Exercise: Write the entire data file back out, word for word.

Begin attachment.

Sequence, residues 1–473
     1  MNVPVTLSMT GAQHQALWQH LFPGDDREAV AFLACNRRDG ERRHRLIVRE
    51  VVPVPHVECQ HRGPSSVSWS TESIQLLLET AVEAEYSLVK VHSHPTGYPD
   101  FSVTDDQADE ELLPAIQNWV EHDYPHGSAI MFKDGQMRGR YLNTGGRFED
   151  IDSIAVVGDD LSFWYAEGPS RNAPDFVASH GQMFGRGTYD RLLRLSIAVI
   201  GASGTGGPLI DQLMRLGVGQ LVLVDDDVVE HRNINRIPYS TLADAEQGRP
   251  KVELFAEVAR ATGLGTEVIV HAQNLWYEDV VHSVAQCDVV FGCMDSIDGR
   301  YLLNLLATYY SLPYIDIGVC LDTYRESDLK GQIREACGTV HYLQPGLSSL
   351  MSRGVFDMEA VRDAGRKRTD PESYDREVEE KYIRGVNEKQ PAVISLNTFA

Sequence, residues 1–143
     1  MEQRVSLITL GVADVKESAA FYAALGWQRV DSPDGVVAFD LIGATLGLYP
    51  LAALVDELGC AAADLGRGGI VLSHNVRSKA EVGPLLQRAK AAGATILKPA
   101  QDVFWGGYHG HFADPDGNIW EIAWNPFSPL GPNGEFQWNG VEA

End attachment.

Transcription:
Sequence, residues 1–473
     1  MNVPVTLSMT GAQHQALWQH LFPGDDREAV AFLACNRRDG ERRHRLIVRE
    51  VVPVPHVECQ HRGPSSVSWS TESIQLLLET AVEAEYSLVK VHSHPTGYPD
   101  FSVTDDQADE ELLPAIQNWV EHDYPHGSAI MFKDGQMRGR YLNTGGRFED
   151  IDSIAVVGDD LSFWYAEGPS RNAPDFVASH GQMFGRGTYD RLLRLSIAVI
   201  GASGTGGPLI DQLMRLGVGQ LVLVDDDVVE HRNINRIPYS TLADAEQGRP
   251  KVELFAEVAR ATGLGTEVIV HAQNLWYEDV VHSVAQCDVV FGCMDSIDGR
   301  YLLNLLATYY SLPYIDIGVC LDTYRESDLK GQIREACGTV HYLQPGLSSL
   351  MSRGVFDMEA VRDAGRKRTD PESYDREVEE KYIRGVNEKQ PAVISLNTFA

Sequence, residues 1–143
     1  MEQRVSLITL GVADVKESAA FYAALGWQRV DSPDGVVAFD LIGATLGLYP
    51  LAALVDELGC AAADLGRGGI VLSHNVRSKA EVGPLLQRAK AAGATILKPA
   101  QDVFWGGYHG HFADPDGNIW EIAWNPFSPL GPNGEFQWNG VEA